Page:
The news is bad when it comes to credit card debt but buried in that news is a glimmer of hope for the future. First here’s the bad news. According to CardHub’s Q2 2014 debt survey, Americans are running over the plastic at a record pace, racking up nearly $28.5 billion in debt in just one quarter. That’s a jaw-dropping 66% increase over Q2 2013. Wow.
As debt increases, it’s inevitable that some people will get themselves in trouble, so charge-offs also tend to go up along with debt and 2014 is sadly no different in that regard. CardHub projects a whopping $30.5 billion in charge-offs for all of 2014. That’s more than a quarter’s accumulated debt, representing nearly a third of new debt for the year. That’s a lot of ruined financial lives and those big numbers are being posted by a default rate that’s near its historical low.
The pain doesn’t stop there; by the end of the year the average household is expected to be carrying nearly $7,000 in revolving debt, the highest since the dark employment days of 2010. That means the average consumer will only be $1,300 away from the “debt tipping point” in their personal financial world; that’s the point where they can’t make the minimum payment and defaults skyrocket.
The data paints a picture of a big reversal in the financial lives of the average family. In the years immediately after the big crash, people tightened their belts and used plastic sparingly. Even as card use started to expand again in 2011 and 2012, most families would hunker down after they got those eye-opening post holiday bills and pay down balances in Q1 of the next year. Only that didn’t happen this year. Feeling good about job security and confident in seeing a raise, an increasing number just let the balance ride.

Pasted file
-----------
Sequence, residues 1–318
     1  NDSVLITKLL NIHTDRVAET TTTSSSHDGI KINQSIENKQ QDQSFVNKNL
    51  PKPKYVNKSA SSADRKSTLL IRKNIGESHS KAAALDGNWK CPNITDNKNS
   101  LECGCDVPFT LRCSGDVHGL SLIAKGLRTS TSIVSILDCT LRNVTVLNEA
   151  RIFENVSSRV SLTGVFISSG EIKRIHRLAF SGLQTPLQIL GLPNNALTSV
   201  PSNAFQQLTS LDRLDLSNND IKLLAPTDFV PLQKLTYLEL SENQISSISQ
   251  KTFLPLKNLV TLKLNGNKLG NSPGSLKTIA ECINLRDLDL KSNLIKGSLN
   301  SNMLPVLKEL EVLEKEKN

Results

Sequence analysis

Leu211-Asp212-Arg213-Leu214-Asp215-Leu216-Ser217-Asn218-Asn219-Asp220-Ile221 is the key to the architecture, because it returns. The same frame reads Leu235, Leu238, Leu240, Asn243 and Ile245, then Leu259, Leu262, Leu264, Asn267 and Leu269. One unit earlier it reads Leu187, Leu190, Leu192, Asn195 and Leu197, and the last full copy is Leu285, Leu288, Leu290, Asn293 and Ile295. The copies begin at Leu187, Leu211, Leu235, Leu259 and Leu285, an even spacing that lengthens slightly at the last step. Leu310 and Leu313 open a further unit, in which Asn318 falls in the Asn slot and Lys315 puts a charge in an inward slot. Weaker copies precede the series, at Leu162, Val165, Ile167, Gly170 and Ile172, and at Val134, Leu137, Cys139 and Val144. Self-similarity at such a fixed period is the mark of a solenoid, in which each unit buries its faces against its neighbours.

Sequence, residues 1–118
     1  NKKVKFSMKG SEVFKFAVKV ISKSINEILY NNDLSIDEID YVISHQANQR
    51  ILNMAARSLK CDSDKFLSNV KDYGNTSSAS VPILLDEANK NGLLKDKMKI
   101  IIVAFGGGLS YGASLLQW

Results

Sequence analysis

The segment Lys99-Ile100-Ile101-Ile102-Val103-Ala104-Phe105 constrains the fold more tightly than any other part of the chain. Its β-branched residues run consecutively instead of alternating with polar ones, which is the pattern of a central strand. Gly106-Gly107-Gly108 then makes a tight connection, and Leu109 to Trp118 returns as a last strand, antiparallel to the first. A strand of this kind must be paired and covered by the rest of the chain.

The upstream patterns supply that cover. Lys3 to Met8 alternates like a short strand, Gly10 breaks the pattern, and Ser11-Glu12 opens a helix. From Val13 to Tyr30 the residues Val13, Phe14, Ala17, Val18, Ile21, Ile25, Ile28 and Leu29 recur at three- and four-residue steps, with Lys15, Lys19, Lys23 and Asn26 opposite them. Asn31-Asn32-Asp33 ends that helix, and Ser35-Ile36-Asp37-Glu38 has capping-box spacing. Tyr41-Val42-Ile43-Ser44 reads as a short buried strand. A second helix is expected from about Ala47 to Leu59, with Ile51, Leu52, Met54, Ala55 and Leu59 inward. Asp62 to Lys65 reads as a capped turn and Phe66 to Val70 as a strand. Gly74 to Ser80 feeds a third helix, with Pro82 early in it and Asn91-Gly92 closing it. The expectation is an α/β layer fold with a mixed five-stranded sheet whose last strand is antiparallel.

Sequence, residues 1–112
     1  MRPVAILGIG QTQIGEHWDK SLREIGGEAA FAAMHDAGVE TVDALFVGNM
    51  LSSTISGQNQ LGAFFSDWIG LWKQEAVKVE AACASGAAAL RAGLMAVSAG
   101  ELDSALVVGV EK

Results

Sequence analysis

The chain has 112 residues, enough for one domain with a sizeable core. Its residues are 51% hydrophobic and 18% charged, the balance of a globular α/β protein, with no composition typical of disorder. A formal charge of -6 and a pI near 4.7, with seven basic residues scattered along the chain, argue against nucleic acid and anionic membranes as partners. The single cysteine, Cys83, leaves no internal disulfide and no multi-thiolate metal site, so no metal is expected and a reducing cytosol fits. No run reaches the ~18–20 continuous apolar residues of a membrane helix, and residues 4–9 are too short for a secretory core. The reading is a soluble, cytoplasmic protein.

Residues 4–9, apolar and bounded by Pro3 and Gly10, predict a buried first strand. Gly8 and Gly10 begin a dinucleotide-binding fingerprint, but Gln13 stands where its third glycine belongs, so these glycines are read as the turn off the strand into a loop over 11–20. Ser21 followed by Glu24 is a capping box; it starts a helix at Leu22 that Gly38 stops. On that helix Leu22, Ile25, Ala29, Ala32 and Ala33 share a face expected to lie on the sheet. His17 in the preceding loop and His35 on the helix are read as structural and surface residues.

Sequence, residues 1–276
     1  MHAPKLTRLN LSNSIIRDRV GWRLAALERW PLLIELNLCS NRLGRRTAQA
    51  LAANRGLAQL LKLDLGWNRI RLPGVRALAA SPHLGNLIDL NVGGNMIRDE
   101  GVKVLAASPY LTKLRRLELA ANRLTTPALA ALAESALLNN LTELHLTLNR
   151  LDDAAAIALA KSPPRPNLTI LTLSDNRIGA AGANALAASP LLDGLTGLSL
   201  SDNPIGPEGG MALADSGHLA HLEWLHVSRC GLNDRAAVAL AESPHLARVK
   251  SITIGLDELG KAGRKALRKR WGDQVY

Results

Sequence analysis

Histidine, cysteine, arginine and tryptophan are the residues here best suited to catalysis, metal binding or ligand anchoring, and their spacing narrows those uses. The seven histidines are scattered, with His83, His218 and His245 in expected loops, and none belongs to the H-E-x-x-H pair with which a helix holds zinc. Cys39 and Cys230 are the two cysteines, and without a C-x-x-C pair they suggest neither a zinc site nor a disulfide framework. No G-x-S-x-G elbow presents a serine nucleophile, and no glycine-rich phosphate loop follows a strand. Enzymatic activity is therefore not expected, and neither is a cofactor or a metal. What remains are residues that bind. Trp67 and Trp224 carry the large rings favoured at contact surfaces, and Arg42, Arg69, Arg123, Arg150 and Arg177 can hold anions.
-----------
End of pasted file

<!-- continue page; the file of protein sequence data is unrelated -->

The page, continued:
Increasing consumer debt and higher card balances are a ticking time bomb in the economy, which is still two-thirds driven by consumer spending. In fact, the debt balances would seem to indicate that the blowout Q2 we just saw, and Q3 numbers that are shaping up to be nearly as good, may have been at least partially fueled by expanding consumer debt.
It’s somewhat obvious to suggest that we simply can’t sustain this level of debt and we can’t keep posting balance increases. People are either going to suddenly wise up en mass and pull back on spending, or hit the wall represented by the tipping point where they can no longer afford their own balances. When a major component of economy decides it’s done spending, that’s going to ripple through the rest of the economy like wildfire. Consumers are the geese laying the golden eggs in a market-based economy and if the geese can’t afford to eat, there won’t be any eggs. A sudden pullback in spending will trigger massive layoffs, which sets up a downward spiral which could easily become the trigger for a major crash.
A sudden retraction in consumer spending might not be as imminently fatal as a credit market freeze, it could have a profound and long-term impact on the economy. Since credit card debt is harder to discharge in bankruptcy court, we could see the creation of millions of zombie households. Saddled by debt and sidelined from spending for decades, they could represent a long term drain on the economy.
The glimmer of hope is that young people, 18-29 years old, appear to be getting it. Spending their formative years watching their parents struggle with debt a full 63% of young adults in that age bracket don’t have a credit card at all. That’s really good news and, ultimately, is what could keep a soft decade from becoming a repeat of 1929 stock market crash. If we make it through the pending consumer debt crisis, you may well be able to thank the kid next door who used to mow your lawn for extra cash.